Following the tragic murders at the Mercaz Harav yeshiva in Jerusalem last March, many Jews asked themselves how a terrorist massacre could occur at a place of Torah study.
In Pittsburgh, though, one Israeli-born composer chose his own way to seek the
Nizan Leibovich’s musical interpretation of the terror attack, the chamber piece, “Avaksha” (“I shall ask… “), makes its world premiere on Monday, Dec. 15, at Chatham University, as one of eight pieces performed by the IonSound Project in “IonSounds of the Season: Sacred Invocations.”
“I don’t recall in recent history a terrorist attack at a spiritual and religious institute,” Leibovich said. “One of the greatest questions was why this happened there.”
“It was of such a magnitude, this event,” he continued. “It was so big and so significant. I think it shocked everyone.”
“Avaksha,” an elegy for clarinet, violin and cello, is dedicated to the eight young students who were shot down by a terrorist while studying Torah on March 6, and to their chief rabbi, who grappled with the question of “why” following the murders.
The gunman, an East Jerusalem Arab, also wounded 15 others before an Israel army officer killed him.
Leibovich said he composed “Avaksha” after he saw an interview with the yeshiva’s chief rabbi on Israeli television.
“I was very touched,” he said. “He was so fragile and so sincere. He didn’t come with answers, but with all this tremendous belief in what they were doing.”
Leibovich was particularly moved by the rabbi’s response when asked: “What if the boys who survived the attack had questions about how it could have happened at such a spiritual place?”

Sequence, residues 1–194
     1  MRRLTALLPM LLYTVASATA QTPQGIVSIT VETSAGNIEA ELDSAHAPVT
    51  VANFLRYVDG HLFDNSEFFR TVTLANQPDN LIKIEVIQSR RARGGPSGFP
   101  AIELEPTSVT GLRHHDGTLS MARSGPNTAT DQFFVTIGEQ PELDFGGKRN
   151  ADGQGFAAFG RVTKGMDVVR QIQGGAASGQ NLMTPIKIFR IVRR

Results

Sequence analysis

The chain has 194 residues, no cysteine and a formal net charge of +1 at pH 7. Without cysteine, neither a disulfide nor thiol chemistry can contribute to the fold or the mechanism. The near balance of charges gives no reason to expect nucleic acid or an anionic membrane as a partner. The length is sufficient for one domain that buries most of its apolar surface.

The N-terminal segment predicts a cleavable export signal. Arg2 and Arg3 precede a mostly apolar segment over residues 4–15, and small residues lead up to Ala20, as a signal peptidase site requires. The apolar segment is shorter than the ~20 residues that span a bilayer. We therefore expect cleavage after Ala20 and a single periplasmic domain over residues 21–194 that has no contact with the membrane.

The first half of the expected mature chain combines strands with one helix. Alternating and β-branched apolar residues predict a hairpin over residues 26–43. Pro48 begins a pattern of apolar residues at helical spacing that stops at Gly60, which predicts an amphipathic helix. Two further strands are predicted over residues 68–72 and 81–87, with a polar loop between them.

“‘I would be worried if they don’t,’” the rabbi replied.
The murders raised many questions in Leibovich’s mind as well. “And when I have questions, I go to music. It’s a way I can explore my inner thoughts.”
The piece is “very intimate,” he said, with only three instruments, each representing a different part of the soul.
According to Kabbala, the soul has three parts: neshama (breath); ruach (wind); and, nefesh (rest). In “Avaksha,” Leibovich said, one can hear each part of the soul, beginning with that part represented by the clarinet, leaving the body, going on to “higher domains,” searching for an answer.
The three components are eventually reunited, ending “with a sort of requiem, lending peace and rest to the soul.”
“‘Avaksha’ seems to work in thematically with our program very well,” said Elisa Kohanski, cellist for IonSound Project. The group will perform eight “spiritually inspired pieces” Monday evening, bridged by various readings from a range of different faiths and cultures.
“The whole concert is about unity,” said Kohanski. “We wanted to incorporate all the faiths at the holiday season. Nizan’s piece works well with our concept of the idea of all the faiths getting along together, and the parallel themes of hope, peace and the desire for unity.”
“It’s a beautiful piece, and I’m enjoying playing it,” Kohanski added.
IonSound Project, founded in 2004, is comprised of six musicians who perform innovative concerts, commission works of new music, and frequently collaborate with artists in a variety of disciplines. IonSound is Ensemble-in-Residence at University of Pittsburgh, where it performs the works of graduate students in composition.
“Avaksha” concludes with fragments of a melody based on one of Maimonides’ 13 principles of faith, which, Leibovich noted, was a guide to the young victims throughout their lives and which continues to guide the survivors of the attack.
Born in Tel Aviv, Leibovich moved to Pittsburgh in 2001. He has held positions with orchestras, ensembles and festivals throughout Europe, the United States and Israel. He regularly conducts most of the major orchestras in Israel, and also currently serves as the music director of the Zohar Chamber Singers of Pittsburgh. His piece “There is No Utterance, There are No Words, Whose Sound Goes Unheard,” inspired by a 2002 terrorist attack in which a close friend was killed, was recently featured as part of the Daniel Pearl World Music Days in New York.
“In Israel, things happen,” he said. “After a day or two, it passes. But this event (the Mercaz Harav massacre) was still there at least a week. It affected everyone on a different level.”
(Toby Tabachnick can be reached at firstname.lastname@example.org.)